Red Wolves Can Use Their Hind Legs To Catch Their Prey
Red wolves use their hind legs to support their weight as they stand and jump.
Red Wolves Stand To Reach As Far As They Can
Sometimes, a fruit, bird’s nest, or squirrel would be low enough or stuck in the tree’s lower branches for a wolf to reach and grab it with its mouth while standing on its hind legs.
With 400 to 1,500 pounds of pressure per square inch of bite force, a wolf can instantly snap the neck of its small prey and then pull them out of the branches.
Red Wolves Jump To Reach A Tree’s Branches
A wolf can easily jump as high as 9 to 12 feet!
This height would be enough to catch a fleeing animal that’s still a few inches up on the tree trunk or lower branch. And even when their jumps won’t be enough to reach and grab their prey, it could scare them into panicking and eventually run out of places to move or hide.
Red Wolves Are Prone To Height-Related Injuries
Wolves could injure themselves when they manage to jump or climb a tree. There might be unstable branches, and their own weight could snap some branches. Their paws also find it hard to balance on the round tree branches.
Most importantly, wolves have trouble climbing back down safely from a tree or a tall height. They have no clinging or clasping ability to grasp the tree’s bark securely, and they might easily slip and fall while on the way down.
However, these intelligent red wolves know the danger behind the trick and rarely use it unless necessary. Perhaps when they have no other means of acquiring their 2 to 5 pounds of daily meat requirements.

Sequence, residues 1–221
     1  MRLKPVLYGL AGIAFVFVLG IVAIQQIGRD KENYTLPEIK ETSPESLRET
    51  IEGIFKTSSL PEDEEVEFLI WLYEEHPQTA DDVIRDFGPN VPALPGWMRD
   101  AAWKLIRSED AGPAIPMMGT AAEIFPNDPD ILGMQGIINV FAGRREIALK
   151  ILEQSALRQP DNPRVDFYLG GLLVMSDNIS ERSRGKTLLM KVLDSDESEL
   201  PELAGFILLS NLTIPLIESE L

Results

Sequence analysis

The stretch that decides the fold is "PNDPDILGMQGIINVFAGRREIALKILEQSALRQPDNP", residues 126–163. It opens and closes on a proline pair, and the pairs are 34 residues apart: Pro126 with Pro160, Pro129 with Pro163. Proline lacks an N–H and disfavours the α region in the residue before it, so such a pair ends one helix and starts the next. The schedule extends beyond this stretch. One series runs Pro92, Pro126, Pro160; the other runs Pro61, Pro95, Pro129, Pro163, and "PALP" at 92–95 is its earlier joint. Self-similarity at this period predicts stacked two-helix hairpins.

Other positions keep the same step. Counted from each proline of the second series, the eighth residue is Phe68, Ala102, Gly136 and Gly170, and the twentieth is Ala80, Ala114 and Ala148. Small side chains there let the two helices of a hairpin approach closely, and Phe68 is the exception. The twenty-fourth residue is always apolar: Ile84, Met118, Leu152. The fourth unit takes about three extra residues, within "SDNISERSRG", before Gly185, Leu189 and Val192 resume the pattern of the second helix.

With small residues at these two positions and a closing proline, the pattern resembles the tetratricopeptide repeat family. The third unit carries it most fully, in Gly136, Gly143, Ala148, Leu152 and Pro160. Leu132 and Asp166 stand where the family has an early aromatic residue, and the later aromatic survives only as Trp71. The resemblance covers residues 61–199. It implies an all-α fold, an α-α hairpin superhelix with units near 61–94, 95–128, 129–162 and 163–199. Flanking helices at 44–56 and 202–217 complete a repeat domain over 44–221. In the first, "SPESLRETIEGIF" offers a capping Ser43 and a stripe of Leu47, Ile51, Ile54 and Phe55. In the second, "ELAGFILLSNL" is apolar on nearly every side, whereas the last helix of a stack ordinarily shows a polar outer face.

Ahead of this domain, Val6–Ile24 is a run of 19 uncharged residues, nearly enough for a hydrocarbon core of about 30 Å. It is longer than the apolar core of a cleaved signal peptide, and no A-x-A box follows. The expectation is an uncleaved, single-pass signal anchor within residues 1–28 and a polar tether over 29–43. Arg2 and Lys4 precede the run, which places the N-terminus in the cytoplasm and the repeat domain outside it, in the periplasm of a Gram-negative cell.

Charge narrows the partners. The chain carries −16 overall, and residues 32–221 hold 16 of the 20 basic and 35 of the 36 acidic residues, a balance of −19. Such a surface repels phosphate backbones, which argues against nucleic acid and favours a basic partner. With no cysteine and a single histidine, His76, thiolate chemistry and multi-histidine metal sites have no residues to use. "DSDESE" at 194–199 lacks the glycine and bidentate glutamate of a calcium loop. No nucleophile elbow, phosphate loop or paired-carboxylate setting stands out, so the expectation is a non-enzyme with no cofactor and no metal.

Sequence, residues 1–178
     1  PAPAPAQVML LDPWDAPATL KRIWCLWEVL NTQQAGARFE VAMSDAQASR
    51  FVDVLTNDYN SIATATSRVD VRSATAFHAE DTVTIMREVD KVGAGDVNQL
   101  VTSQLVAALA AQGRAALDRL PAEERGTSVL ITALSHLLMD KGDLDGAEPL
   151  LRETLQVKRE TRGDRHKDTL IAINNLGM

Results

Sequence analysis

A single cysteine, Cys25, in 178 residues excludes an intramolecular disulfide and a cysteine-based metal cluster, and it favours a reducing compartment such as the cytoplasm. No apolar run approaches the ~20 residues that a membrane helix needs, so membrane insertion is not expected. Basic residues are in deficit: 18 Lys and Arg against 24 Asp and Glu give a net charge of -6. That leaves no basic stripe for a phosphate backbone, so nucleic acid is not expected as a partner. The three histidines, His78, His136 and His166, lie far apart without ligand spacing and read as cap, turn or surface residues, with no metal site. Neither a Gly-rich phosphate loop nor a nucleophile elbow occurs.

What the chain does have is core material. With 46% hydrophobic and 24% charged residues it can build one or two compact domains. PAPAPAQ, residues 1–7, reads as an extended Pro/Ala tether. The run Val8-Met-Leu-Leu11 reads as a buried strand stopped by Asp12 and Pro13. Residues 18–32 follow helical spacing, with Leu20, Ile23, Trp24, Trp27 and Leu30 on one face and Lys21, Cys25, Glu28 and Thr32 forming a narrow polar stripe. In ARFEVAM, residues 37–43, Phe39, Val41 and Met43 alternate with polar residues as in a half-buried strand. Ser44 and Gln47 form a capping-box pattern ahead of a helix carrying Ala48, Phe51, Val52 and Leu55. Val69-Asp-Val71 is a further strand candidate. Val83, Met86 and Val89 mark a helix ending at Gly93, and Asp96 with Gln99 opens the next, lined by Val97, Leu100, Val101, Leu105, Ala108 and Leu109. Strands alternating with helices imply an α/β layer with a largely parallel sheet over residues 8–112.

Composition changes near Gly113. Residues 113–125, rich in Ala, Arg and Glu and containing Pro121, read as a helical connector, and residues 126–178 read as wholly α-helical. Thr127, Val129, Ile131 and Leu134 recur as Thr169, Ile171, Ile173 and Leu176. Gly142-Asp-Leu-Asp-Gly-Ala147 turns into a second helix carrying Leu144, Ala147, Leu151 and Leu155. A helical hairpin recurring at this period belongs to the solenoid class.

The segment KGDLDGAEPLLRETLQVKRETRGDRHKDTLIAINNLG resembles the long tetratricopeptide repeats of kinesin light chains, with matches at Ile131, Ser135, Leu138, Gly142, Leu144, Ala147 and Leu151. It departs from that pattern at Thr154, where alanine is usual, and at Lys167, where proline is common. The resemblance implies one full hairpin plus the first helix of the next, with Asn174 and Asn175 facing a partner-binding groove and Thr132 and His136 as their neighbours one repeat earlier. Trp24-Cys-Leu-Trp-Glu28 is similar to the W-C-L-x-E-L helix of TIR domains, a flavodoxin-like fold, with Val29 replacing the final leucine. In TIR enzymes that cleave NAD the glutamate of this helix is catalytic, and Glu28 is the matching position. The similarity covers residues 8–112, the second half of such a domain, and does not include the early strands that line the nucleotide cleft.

Can Red Wolves Climb Fences, Walls, and Other Obstacles?
Yes, wolves can probably climb walls and fences.
Here is a video of a wolf climbing its way out of a tall fence:
Moreover, another wolf “jumped” a 13 foot-fence to escape a wildlife sanctuary in Sweden.
Although the sanctuary didn’t release any footage of the actual escape, many experts believe that a wolf is really capable of jumping to these heights.
In addition, wolves can use small bushes or trees to act as steps and increase their climbing height. They are also curious enough to look for holes or lower points in walls and fences that can be more manageable to climb.
What Makes Red Wolves So Bad At Climbing?
There are three main reasons why red wolves are not skilled in climbing:
Genetics and Evolution
Red wolves didn’t evolve to include climbing in their skills – and they didn’t have to!
As apex predators, only their fellow canids (gray wolves, coyotes, and fellow red wolves) threaten them, specifically in turf wars. Each of them is more or less equal in their climbing abilities, and they didn’t need to hide out in a tree from one another for safety.
Body Build and Limbs
Red wolves have an average length and weight of 4 feet and 80 pounds, equipped with four long, slender limbs that are not ideal for climbing.
Additionally, a red wolf has broad shoulders and a well-developed chest that aren’t present in many tree-climbing animals. The torsos of these animals need to be light enough to allow equal weight distribution throughout the body while climbing.
Claws and Paws
Wolves don’t have retractable claws like the big cats nor the opposable thumbs that primates have. These specializations allow these mammals to grip and grasp the bark of a tree. Instead, wolves have flat and wide paws with claws and dewclaws that are suitable for digging and running on land where they dominate the food chain.
Hello! My name is Graciola Galo, but my friends call me “Gra” – so can you! Aside from being a dog lover, my bachelor’s degree in biology has helped me develop a deep appreciation for animals. I look forward to learning more about all kinds of wildlife in every future article I write for Floofmania and I aspire to impart that same awe and wonder to you, too!